Regular IrishCentral contributor and author John Joe McGinley has launched a website AutismDad.ie to help other parents with children on the autism spectrum.
Due to increased awareness, diagnoses of autism have been on the increase in Ireland. The latest research highlighted that autism currently affects 1–2% of the Irish population, which is 1 per 100 children and 2 per 100 adults.
Unfortunately, many parents have seen support for their children reduce during the pandemic and also because of reduced government funding on additional needs services.
John Joe McGinley created AutismDad.ie to share the experiences gathered throughout over 14 years of raising children on the autism spectrum. He and his wife, Eileen, live in Glassagh, Gaoth Dobhair on the Wild Atlantic Way in County Donegal, and are the proud parents of four boys, two of whom are on the spectrum.
They are both very different individuals, which just highlights the famous quote about autism, that if you’ve met one child with autism, you’ve met one child with autism.
The autism spectrum is so vast that and contains so many variants that it is difficult for parents to educate themselves on the differences their children experience.
It is these very differences that inspired John Joe to develop AutismDad.ie to campaign for autism awareness and acceptance whilst also having the vision to help other parents.
Being the parent of a child with autism or any additional need can be an exhausting and lonely experience and John Joe wanted to show other parents they were not alone and create something where people can share best practices and learn new techniques to help their children.
The concept of the website is simple, it is just a father sharing 14 years of ups and downs, joys and frustrations of helping his boys grow and develop.
The website has useful links to both UK and Irish autism support groups, a range of videos on a number of issues that impact children with autism, and also a blog that shares the real-life experience of parenting children with enhanced needs.
John Joe urges everyone who has concerns about their child’s development to research the signs of being on the autism spectrum and this may help:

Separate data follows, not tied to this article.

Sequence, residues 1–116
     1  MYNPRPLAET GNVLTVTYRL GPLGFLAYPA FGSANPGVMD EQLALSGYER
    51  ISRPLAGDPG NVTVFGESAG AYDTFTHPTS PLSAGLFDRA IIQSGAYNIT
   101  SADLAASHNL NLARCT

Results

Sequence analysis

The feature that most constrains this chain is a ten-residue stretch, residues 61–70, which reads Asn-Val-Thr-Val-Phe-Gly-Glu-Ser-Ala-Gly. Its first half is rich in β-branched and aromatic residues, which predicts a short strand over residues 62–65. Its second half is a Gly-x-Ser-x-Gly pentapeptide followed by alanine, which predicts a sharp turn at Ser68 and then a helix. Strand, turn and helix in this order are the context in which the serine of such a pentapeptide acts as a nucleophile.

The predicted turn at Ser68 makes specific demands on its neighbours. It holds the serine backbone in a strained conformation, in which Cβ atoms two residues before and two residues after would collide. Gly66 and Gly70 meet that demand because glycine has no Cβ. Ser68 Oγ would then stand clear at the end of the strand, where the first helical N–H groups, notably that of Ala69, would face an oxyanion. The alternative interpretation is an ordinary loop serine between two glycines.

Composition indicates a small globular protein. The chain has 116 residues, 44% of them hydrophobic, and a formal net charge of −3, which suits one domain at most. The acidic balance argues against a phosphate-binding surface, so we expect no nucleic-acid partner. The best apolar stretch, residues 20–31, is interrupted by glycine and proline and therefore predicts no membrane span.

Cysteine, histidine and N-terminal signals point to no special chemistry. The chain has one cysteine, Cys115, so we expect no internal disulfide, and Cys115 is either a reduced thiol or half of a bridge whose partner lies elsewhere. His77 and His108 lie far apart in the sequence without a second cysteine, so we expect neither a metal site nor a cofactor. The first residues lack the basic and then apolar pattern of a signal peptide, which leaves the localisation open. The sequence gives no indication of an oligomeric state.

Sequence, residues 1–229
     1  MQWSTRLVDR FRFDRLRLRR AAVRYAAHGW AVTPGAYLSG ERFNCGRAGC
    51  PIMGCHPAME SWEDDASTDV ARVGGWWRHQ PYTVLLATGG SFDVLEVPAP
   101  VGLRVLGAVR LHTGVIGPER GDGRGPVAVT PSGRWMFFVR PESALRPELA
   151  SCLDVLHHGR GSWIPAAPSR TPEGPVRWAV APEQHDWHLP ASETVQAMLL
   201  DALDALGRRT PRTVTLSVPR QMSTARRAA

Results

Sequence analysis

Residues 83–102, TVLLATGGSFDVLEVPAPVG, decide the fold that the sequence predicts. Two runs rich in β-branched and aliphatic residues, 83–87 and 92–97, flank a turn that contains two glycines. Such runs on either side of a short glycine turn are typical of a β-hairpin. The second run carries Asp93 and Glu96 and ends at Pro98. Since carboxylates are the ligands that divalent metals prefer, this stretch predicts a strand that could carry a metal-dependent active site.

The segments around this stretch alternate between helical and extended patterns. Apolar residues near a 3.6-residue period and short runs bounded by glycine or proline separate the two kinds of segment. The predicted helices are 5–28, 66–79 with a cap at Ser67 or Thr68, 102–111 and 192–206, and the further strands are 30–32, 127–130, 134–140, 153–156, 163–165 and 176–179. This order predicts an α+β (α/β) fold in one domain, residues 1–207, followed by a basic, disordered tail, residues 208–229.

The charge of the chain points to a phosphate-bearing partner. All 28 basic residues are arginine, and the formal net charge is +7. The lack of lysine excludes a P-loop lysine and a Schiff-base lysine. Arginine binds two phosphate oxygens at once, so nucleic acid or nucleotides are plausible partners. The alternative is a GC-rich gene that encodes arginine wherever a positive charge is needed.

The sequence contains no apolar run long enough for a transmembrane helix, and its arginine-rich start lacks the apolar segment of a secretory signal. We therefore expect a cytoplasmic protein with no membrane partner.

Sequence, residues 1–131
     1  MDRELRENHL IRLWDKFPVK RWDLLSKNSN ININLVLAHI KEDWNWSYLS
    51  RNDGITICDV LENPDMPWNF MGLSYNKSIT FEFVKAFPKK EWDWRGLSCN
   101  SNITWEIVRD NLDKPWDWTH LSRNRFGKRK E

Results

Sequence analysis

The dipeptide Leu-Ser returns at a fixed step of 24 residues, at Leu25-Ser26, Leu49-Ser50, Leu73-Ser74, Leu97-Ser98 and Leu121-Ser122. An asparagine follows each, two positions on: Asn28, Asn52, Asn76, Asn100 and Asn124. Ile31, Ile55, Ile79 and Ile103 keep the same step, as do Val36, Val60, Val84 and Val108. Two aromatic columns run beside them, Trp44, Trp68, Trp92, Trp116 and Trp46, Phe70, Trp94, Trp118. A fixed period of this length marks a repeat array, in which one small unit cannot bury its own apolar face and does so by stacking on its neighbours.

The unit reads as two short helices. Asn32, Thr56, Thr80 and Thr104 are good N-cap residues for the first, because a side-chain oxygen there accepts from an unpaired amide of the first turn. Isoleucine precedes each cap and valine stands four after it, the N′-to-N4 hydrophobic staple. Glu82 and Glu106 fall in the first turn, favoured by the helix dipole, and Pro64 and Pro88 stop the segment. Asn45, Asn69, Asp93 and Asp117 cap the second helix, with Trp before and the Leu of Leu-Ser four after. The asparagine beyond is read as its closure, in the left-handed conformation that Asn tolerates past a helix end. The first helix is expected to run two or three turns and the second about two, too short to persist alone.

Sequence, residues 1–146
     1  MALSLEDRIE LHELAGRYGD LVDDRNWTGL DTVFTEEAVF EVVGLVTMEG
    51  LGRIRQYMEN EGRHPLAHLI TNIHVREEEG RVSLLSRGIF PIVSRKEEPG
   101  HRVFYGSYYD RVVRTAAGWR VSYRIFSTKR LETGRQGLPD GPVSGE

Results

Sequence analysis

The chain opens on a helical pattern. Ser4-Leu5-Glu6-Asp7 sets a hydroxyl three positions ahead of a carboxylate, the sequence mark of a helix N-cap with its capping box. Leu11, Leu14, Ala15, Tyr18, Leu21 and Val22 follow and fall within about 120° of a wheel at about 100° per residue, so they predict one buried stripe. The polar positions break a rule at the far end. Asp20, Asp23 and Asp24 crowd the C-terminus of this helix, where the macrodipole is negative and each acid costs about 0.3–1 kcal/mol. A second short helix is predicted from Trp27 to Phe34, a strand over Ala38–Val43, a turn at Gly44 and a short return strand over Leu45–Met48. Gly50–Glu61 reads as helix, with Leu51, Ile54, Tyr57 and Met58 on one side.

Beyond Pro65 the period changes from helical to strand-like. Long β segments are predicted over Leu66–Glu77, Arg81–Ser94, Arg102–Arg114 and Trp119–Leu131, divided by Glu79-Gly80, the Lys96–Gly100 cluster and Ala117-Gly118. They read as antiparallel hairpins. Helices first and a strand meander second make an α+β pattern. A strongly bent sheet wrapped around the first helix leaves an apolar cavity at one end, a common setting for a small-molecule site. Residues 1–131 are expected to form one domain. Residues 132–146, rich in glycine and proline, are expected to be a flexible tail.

What are the signs your child may be on the autism spectrum?
The autism diagnosis age and intensity of autism’s early signs vary widely. Some infants show hints in their first months. In others, behaviors become obvious as late as age 2 or 3.
Not all children on the autism spectrum show all the signs. Many children who don’t have autism show a few. That’s why professional evaluation is crucial.
The following may indicate your child is at risk for an autism spectrum disorder. If your child exhibits any of the following, ask your pediatrician or family doctor for an evaluation right away:
By 6 months
- Few or no big smiles or other warm, joyful and engaging expressions
- Limited or no eye contact
By 9 months
- Little or no back-and-forth sharing of sounds, smiles or other facial expressions
By 12 months
- Little or no babbling
- Little or no back-and-forth gestures such as pointing, showing, reaching or waving
- Little or no response to name
By 16 months
- Very few or no words
By 24 months
- Very few or no meaningful words, two-word phrases (not including imitating or repeating)
At any age
- Loss of previously acquired speech, babbling or social skills
- Avoidance of eye contact
- Persistent preference for solitude
- Difficulty understanding other people’s feelings
- Delayed language development
- Persistent repetition of words or phrases (echolalia)
- Resistance to minor changes in routine or surroundings
- Restricted interests
- Repetitive behaviors (flapping, rocking, spinning, etc.)
- Unusual and intense reactions to sounds, smells, tastes, textures, lights and/or colors
Again, John Joe reiterates that a professional diagnosis that may take time is vital if you suspect your child may be on the autism spectrum, as the earlier support is given the better.
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